The LA Times this morning squeals in protest at Maria Elena Durazo being named to lead the huge, powerful Los Angeles County Federation of Labor. “Business leaders” are concerned that she won’t be compliant. Gasp. Worse, the Times moans, she may actually, now hold on here, fight for the workers she represents. HowÃƒ”šÃ‚Â “contentious” of her to do so.
They should be nervous. Durazo is the real deal. Not only has she spoken at ANSWER LA antiwar rallies, she fights tooth and nail for her union workers. Hard.
Why? Well even the Times had to admit it, quoting her.
“There is a very vivid scene that stays with me ÃƒÂ¢Ã¢”šÂ¬Ã¢â‚¬Â I must have been 5 years old,” she said. “It’s being in a church with a small white casket being carried down the aisle. It was my infant brother, who had died because my mom and dad couldn’t get him to a doctor.”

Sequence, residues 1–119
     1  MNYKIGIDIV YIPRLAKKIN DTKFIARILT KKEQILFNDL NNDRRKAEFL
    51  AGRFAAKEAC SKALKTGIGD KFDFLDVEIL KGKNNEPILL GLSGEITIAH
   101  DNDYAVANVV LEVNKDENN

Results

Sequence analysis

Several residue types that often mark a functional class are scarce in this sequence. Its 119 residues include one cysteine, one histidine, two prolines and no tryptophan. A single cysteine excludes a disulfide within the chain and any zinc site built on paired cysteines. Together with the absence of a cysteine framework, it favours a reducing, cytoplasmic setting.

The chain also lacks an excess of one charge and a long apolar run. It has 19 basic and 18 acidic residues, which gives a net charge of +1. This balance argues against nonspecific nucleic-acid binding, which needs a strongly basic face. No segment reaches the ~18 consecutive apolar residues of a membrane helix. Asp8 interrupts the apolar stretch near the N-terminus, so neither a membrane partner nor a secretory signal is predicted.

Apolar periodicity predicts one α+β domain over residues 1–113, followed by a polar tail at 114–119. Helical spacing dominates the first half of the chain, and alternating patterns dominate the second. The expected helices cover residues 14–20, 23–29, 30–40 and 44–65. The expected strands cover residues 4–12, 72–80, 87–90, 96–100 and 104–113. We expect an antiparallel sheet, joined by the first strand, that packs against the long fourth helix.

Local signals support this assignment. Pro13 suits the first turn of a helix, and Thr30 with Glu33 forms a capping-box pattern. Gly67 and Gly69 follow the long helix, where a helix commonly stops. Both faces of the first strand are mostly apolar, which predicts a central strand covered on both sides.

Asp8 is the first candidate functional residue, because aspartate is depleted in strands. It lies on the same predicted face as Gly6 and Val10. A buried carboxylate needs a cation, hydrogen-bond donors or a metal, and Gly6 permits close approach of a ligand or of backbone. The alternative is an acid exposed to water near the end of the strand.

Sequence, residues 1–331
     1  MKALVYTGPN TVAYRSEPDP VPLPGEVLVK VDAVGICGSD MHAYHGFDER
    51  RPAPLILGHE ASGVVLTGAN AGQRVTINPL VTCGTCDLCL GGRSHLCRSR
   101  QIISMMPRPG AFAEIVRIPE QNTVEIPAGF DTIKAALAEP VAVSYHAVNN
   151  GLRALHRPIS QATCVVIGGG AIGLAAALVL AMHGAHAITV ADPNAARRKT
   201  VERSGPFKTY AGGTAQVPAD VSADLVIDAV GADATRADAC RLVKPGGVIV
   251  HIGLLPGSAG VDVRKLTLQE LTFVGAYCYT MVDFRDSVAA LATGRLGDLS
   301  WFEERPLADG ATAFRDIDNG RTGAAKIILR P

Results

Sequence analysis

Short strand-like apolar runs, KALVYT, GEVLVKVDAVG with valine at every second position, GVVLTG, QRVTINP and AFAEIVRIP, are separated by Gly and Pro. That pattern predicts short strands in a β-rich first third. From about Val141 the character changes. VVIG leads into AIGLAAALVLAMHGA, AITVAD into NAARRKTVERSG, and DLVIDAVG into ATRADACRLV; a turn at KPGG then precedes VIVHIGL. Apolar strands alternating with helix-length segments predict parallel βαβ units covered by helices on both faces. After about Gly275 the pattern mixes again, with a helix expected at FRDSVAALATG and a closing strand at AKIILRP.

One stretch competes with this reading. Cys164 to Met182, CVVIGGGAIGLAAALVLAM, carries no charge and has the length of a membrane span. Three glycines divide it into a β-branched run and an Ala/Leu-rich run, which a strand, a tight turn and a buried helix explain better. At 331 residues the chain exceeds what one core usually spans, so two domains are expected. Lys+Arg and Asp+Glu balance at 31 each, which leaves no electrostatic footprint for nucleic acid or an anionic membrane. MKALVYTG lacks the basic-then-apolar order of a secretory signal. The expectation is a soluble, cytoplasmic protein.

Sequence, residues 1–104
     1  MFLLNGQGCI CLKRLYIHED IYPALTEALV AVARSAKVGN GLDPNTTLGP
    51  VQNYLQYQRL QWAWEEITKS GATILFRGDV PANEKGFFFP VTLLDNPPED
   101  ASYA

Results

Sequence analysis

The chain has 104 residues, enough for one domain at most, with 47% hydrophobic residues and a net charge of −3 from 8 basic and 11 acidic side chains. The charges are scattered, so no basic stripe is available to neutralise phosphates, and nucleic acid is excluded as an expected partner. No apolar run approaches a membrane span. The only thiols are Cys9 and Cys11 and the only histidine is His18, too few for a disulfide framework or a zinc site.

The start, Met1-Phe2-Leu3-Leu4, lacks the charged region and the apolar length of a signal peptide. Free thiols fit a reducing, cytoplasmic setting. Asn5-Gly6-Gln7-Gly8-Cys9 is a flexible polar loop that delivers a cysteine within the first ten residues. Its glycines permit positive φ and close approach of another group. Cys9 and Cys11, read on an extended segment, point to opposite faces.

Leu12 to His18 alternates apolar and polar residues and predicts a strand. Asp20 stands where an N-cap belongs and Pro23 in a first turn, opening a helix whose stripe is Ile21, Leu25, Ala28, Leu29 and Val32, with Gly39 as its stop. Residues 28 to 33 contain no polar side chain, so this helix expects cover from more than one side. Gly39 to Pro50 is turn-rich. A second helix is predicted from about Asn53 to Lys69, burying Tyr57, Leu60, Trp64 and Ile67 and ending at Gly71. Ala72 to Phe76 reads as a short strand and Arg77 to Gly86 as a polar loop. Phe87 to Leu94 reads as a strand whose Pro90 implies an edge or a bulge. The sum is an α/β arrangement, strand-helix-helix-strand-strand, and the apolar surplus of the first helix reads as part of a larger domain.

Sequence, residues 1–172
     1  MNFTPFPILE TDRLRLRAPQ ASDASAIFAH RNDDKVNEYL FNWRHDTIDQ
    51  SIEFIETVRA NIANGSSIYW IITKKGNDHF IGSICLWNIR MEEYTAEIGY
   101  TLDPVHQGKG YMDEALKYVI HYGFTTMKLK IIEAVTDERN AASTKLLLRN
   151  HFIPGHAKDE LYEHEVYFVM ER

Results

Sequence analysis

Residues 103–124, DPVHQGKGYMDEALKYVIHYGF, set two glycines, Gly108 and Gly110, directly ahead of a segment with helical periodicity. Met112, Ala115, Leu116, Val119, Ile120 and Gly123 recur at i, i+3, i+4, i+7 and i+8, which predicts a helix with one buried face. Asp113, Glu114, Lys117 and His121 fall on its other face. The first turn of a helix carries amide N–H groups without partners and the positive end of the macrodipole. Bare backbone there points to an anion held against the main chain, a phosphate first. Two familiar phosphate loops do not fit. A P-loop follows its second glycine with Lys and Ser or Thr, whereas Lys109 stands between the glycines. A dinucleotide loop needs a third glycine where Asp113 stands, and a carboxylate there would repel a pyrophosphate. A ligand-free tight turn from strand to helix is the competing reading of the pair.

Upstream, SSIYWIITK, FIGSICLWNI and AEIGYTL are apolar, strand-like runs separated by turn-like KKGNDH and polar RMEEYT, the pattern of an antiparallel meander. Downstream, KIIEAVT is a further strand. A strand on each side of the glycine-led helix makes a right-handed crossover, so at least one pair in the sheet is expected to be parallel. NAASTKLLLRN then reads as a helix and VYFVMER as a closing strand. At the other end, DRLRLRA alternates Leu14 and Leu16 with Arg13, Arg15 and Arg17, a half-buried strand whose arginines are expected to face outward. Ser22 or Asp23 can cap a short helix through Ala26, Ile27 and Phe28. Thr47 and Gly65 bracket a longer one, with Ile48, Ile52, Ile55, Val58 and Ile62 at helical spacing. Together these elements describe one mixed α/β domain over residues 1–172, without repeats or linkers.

The church was somewhere in the fields of the San Joaquin Valley. It was not a familiar one to the family, and Durazo recalls a priest taking up a collection so her family could afford to bury her brother.
Finishing the story, she asked: “How could that be that 11 kids and two adults working in the fields day in and day out didn’t have enough money to bury one of the family?
“How could that be?”
It’ll be instructive to see how things play out between her and LA Mayor Antonio Villaraigosa, a former union organizer who now wants to slash spending, cut staffing, etc. He’s been a compliant mayor, doing what business wants, and is bordering on becoming anti-union. Durazo may prove to be an immovable force. Good.